Systems thinking as the fifth discipline ties up all the way of life shaped by the four other disciplines. It refers not to holistic or whole systems thinking, not to the structure of the organization and its parts that make up its system. Rather, systems thinking refers to the dynamics of the system; “the behavior that is due to arise from interrelationships of behavior.” It refers to the “art and science of making reliable inferences about behavior” triggering “innovative thinking.” Systems thinking “looks for the interrelationships that shape the kind of behavior and the kind of outcomes that are generated in an organization.” <http://www.spe.org/twa/print/arch ives/2007/2007v3n3/twa2007v3n3_Soft_Skills.pdf>

Here is a definition from Peter Senge’s highly influential The Fifth Discipline Fieldbook: “Systems thinking [is]a way of thinking about, and a language for describing and understanding, the forces and interrelationships that shape the behavior of systems. This discipline helps us to see how to change systems more effectively, and to act more in tune with the natural processes of the natural and economic world.”

The practice of this discipline develops awareness of complexity, interdependencies and leverages shared vision. (Schools That Learn Annex Copyright © 2000 Peter Senge, et al.) It is “the ability to see the big picture, and to distinguish patterns instead of conceptualizing change as isolated events. Systems thinking needs the other four disciplines to enable a learning organization to be realized. There must be a paradigm shift – from being unconnected to interconnected to the whole, and from blaming our problems on something external to a realization that how we operate, our actions, can create problems (Senge 1990, 10).”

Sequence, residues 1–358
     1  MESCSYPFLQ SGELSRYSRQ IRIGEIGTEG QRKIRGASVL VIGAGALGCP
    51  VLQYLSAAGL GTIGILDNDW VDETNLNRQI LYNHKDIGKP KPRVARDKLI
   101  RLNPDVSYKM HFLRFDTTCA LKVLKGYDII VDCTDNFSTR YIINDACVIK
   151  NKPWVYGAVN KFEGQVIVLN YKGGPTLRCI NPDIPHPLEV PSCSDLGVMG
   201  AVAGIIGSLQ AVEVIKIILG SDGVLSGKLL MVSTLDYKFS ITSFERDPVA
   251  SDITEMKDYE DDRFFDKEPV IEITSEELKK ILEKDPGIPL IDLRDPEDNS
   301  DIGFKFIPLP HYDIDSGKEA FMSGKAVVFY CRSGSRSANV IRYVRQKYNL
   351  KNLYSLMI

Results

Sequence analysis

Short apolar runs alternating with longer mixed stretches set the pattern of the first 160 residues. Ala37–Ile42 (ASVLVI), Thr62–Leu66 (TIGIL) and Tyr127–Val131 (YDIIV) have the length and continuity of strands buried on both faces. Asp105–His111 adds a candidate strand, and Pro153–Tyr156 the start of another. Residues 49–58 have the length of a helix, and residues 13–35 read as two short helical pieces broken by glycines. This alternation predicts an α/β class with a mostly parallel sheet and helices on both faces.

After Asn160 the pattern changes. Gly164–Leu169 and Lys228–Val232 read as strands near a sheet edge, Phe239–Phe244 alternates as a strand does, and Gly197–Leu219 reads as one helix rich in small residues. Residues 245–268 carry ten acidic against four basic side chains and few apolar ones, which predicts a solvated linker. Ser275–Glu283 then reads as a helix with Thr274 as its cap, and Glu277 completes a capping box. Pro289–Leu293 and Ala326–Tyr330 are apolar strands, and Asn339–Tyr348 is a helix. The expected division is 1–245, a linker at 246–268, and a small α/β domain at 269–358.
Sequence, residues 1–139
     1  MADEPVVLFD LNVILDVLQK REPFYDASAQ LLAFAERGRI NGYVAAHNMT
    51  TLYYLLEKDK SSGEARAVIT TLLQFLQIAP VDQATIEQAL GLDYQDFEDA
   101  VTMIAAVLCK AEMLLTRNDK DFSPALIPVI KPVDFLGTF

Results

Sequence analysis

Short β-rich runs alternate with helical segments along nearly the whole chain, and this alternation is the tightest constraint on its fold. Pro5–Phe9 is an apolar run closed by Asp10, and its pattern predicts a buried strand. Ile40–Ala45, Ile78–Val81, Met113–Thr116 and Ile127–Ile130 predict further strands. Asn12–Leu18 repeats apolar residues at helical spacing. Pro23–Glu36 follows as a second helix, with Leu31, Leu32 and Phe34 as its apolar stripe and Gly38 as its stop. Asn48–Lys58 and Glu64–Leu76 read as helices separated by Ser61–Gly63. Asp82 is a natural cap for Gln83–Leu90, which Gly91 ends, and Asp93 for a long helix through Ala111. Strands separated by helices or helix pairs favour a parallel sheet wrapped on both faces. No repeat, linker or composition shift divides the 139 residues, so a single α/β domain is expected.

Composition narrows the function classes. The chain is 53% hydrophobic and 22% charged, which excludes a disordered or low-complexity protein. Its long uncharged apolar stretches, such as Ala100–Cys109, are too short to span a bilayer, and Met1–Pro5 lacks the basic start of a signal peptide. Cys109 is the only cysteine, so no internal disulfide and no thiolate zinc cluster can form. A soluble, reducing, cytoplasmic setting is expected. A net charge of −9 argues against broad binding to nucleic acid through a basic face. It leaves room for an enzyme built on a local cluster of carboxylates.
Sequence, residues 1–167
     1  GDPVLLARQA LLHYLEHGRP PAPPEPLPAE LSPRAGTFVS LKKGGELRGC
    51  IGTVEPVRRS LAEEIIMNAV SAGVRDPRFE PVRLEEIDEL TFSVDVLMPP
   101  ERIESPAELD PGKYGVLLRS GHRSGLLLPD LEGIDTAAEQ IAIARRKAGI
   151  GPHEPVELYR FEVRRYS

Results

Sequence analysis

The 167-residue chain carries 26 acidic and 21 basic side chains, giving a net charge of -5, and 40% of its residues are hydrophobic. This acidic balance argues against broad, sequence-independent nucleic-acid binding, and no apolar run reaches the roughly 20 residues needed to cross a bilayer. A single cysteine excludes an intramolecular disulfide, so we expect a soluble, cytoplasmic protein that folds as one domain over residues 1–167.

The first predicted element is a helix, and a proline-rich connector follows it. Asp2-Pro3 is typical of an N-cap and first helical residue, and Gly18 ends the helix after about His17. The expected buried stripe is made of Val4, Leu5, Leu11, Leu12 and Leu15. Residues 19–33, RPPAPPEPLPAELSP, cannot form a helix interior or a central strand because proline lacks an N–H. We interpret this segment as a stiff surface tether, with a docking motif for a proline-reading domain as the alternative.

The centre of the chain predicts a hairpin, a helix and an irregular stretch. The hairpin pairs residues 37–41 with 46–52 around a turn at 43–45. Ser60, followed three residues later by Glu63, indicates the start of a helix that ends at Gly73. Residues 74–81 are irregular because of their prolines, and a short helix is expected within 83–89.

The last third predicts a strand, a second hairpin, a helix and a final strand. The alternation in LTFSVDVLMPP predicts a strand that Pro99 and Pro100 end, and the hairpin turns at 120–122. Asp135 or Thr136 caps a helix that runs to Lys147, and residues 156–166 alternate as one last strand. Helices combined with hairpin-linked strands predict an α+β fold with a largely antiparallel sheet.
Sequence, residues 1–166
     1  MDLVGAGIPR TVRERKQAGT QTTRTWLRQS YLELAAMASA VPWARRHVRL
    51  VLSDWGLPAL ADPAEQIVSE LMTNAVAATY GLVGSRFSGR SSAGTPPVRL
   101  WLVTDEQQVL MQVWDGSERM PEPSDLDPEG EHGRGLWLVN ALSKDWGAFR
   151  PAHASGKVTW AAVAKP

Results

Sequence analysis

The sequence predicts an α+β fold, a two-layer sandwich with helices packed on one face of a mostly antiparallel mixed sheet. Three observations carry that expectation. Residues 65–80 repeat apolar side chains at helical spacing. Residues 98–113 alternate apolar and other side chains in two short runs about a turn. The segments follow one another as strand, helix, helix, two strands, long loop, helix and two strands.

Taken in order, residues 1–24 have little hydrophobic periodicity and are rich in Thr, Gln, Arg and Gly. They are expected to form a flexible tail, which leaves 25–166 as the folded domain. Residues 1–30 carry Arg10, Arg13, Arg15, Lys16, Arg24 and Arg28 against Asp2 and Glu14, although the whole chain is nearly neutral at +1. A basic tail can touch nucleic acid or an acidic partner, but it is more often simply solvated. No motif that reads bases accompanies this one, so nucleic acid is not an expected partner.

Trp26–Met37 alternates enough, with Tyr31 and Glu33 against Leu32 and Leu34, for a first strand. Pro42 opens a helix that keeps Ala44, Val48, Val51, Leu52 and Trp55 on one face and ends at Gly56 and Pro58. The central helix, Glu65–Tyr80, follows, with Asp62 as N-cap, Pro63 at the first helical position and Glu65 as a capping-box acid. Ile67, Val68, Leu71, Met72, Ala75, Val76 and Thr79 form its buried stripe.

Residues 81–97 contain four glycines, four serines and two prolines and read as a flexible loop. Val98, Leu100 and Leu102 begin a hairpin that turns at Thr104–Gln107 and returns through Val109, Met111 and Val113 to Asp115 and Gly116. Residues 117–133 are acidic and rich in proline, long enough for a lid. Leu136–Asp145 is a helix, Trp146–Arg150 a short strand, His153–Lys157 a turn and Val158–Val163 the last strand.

Teresita Tanhueco-Tumapon, PhD, is one of the Philippines’ most accomplished educators and experts on institutional management in colleges and universities. Her studies have included not only education and pedagogy but also literature. She has studied not only in the topmost universities in the Philippines but also in Germany, Britain and Japan. She is now the Vice-President for External Relations and Internationalization of Liceo de Cagayan University (in Cagayan de Oro) after serving as its VP for Academic Affairs for six and a half years concurrent to her ten years as dean in the Graduate Studies of the same university. She holds a Lifetime Professional Achievement Award from the central office of the Commission on Higher Education.